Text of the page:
10:40 am Multi-Specific MATCH Antibodies Enable Novel Therapeutic Strategies by Targeting Synergistic Immunomodulatory Functions to the Tumor Microenvironment
Alexandre Simonin, PhD, Director, mAb Discovery, Numab Therapeutics AG

Numab’s MATCH platform was exploited for the generation of a monovalent trispecific 4-1BB/PD-L1/HSA MATCH3 molecule (NM21-1480) that agonizes 4-1BB on anti-cancer T cells, conditionally upon binding to and blockade of PD-L1 on tumor cells. NM21-1480 shows superior efficacy over conventional CPI therapies and avoids dose-limiting toxicities of systemic 4-1BB agonism. Further, tetra-specific MATCH4 molecules are exploited to improve on safety and efficacy of conventional bispecific strategies.

11:00 am Triclonics Engagers: Multi-Specific Common Light Chain Antibodies Discovered by Unbiased Functional Screening
Cecile Geuijen, PhD, Vice President Oncology Cell Biology, Merus NV

Triclonics™ Engagers are multivalent molecules with three Fab arms that bind up to three different targets and designed to have long half-life, stability and low immunogenicity. The presentation will highlight: 1) the novel features and therapeutic opportunities of the Triclonics platform, 2) the characteristics of a large, diverse CD3 Fab panel discovered using the MeMo® mouse, common light-chain transgenic technology, 3) functional screening of thousands of Triclonics Engagers in T cell assays.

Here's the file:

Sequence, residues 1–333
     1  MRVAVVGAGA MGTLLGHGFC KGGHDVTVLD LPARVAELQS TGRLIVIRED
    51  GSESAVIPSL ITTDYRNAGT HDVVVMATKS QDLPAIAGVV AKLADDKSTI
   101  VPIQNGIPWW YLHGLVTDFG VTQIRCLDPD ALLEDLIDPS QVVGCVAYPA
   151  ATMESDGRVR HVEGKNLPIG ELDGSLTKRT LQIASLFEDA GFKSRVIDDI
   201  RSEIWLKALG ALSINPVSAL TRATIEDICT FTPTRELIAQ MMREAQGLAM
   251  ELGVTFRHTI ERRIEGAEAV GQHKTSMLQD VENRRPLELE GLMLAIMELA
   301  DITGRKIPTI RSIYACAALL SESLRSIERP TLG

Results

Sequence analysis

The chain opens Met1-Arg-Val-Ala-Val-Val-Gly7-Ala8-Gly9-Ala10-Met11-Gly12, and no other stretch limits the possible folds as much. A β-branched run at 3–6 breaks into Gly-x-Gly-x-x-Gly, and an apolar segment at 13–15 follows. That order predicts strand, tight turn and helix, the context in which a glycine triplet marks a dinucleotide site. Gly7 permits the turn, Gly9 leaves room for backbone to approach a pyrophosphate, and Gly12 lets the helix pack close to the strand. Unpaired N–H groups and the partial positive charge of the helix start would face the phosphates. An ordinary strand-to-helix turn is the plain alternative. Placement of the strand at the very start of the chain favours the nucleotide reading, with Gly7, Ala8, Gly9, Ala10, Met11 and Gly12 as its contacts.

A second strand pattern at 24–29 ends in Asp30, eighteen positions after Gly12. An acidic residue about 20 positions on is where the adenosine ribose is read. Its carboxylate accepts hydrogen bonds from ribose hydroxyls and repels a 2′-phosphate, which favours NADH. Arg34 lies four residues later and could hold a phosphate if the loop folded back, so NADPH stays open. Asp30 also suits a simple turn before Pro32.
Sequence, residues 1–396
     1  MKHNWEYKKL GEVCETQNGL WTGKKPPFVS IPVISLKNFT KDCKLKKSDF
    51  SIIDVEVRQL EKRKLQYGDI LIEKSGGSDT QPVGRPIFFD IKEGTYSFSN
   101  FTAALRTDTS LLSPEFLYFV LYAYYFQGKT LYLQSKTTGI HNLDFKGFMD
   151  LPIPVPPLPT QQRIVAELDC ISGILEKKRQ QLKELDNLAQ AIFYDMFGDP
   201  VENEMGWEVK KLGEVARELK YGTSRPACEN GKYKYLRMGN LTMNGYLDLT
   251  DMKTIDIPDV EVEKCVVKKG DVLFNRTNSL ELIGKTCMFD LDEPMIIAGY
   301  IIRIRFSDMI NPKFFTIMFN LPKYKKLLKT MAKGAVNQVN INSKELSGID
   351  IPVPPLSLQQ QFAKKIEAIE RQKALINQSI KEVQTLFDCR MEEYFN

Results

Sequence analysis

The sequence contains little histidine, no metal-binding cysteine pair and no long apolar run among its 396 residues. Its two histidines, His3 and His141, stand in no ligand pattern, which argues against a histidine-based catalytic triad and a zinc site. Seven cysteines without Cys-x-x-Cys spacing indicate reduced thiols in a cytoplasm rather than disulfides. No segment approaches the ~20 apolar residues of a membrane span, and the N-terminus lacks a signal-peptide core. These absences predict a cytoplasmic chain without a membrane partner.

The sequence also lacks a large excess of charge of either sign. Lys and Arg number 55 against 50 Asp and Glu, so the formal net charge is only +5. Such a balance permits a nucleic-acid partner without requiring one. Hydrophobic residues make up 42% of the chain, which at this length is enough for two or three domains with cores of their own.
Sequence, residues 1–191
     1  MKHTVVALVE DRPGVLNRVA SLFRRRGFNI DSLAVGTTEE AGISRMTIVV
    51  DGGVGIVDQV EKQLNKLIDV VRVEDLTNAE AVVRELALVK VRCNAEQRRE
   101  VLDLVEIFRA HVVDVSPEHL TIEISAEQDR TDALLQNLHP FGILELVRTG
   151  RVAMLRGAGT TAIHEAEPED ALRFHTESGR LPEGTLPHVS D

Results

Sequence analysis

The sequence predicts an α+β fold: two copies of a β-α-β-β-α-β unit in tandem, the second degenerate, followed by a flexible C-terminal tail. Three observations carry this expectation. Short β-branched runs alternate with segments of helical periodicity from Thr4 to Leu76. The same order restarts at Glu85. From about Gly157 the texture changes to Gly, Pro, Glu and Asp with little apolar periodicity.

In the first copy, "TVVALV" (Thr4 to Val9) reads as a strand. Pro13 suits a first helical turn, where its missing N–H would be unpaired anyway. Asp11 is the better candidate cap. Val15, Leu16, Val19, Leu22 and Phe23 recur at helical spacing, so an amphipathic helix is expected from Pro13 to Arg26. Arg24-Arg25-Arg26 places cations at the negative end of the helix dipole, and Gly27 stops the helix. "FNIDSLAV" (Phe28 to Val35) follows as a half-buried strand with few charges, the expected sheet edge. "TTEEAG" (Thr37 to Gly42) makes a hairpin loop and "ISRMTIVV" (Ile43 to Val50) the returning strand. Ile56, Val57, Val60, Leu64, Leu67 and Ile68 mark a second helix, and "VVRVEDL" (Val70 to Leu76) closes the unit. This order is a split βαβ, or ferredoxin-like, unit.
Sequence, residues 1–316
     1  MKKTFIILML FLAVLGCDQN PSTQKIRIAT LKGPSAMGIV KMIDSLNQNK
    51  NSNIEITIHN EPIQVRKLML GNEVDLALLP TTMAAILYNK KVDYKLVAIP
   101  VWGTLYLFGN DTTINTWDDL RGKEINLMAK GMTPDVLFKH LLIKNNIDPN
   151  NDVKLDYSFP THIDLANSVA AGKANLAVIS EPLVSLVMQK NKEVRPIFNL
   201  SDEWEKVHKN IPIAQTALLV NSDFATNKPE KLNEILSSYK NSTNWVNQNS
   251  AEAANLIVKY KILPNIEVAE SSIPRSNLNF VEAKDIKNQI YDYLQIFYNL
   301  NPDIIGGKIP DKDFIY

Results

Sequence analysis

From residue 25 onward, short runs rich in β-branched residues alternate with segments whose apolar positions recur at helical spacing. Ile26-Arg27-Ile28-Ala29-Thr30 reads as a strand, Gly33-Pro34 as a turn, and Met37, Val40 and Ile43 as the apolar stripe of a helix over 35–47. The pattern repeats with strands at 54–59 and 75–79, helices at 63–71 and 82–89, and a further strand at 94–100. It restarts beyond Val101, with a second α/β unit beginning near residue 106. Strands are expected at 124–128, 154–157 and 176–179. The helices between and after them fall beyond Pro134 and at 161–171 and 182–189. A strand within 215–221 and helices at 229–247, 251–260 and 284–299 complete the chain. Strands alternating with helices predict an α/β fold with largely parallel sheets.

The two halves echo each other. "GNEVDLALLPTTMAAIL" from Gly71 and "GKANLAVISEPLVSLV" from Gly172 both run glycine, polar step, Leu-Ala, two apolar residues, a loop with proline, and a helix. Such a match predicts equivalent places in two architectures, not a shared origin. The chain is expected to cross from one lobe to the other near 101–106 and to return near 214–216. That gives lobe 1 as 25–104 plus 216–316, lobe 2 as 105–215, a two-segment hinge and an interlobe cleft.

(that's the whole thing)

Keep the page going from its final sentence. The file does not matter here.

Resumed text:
11:20 am Modulating the Immune System with Multi-Specific Antibodies
Suhasini Iyer, PhD, CDO, TeneoBio

Hetero-multivalent antibodies targeting agonists on T cells in conjunction with tumor-associated antigens may yield therapeutics with superior biological activities and safety profiles. Teneobio’s discovery platform utilizes VH domains of fully human heavy-chain antibodies (UniAbs) to develop bi-, tri-, or tetravalent antibodies. Data from different assay types show that multivalent UniAbs can be engineered to display superior tumor cell cytotoxicity through multiple mechanisms of action.

11:40 am Session Break – View Our Virtual Exhibit Hall
Joe Jiang, Product Manager, ACROBiosystems

Bispecific antibodies are promising immunotherapeutic agents for cancer therapy. A variety of CD3 proteins from different species and with various tags can accelerate the development of anti-CD3 bsAbs.

12:10 pm Session Break – View Our Virtual Exhibit Hall


12:30 pm Enhancing Efficacy and Safety of 4-1BB Agonism with PRS343, a Tumor-Targeted Bispecific
Shane A. Olwill, PhD, Senior Vice President, Head of Translational Science, Pieris Pharmaceuticals GmbH
12:50 pm

Kinetics of in vitro Tumor Killing, Cytokine Profiling, and T Cell Phenotyping of Immune Cell Engager Combination Therapies

Josefa dela Cruz-Chuh, Senior Scientific Researcher, Biochemical and Cellular Pharmacology (BCP), Genentech